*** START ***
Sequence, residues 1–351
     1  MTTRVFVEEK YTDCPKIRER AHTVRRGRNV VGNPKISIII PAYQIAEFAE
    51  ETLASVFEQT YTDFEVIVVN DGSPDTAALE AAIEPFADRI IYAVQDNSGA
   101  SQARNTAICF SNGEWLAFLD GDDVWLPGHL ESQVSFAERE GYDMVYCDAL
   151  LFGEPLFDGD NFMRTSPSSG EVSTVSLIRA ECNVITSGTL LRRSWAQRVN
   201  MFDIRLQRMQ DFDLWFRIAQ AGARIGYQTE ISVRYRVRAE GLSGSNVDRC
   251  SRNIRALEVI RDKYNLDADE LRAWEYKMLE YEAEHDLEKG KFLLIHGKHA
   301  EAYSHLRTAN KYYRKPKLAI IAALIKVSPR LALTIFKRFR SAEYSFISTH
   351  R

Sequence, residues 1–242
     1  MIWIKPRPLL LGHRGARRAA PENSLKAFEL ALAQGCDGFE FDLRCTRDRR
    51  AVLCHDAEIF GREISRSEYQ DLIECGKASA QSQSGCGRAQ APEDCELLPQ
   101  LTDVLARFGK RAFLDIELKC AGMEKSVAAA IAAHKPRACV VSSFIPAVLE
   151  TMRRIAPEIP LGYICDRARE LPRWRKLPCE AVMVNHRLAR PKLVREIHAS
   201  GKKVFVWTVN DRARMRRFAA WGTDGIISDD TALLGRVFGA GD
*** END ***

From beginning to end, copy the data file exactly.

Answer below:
Sequence, residues 1–351
     1  MTTRVFVEEK YTDCPKIRER AHTVRRGRNV VGNPKISIII PAYQIAEFAE
    51  ETLASVFEQT YTDFEVIVVN DGSPDTAALE AAIEPFADRI IYAVQDNSGA
   101  SQARNTAICF SNGEWLAFLD GDDVWLPGHL ESQVSFAERE GYDMVYCDAL
   151  LFGEPLFDGD NFMRTSPSSG EVSTVSLIRA ECNVITSGTL LRRSWAQRVN
   201  MFDIRLQRMQ DFDLWFRIAQ AGARIGYQTE ISVRYRVRAE GLSGSNVDRC
   251  SRNIRALEVI RDKYNLDADE LRAWEYKMLE YEAEHDLEKG KFLLIHGKHA
   301  EAYSHLRTAN KYYRKPKLAI IAALIKVSPR LALTIFKRFR SAEYSFISTH
   351  R

Sequence, residues 1–242
     1  MIWIKPRPLL LGHRGARRAA PENSLKAFEL ALAQGCDGFE FDLRCTRDRR
    51  AVLCHDAEIF GREISRSEYQ DLIECGKASA QSQSGCGRAQ APEDCELLPQ
   101  LTDVLARFGK RAFLDIELKC AGMEKSVAAA IAAHKPRACV VSSFIPAVLE
   151  TMRRIAPEIP LGYICDRARE LPRWRKLPCE AVMVNHRLAR PKLVREIHAS
   201  GKKVFVWTVN DRARMRRFAA WGTDGIISDD TALLGRVFGA GD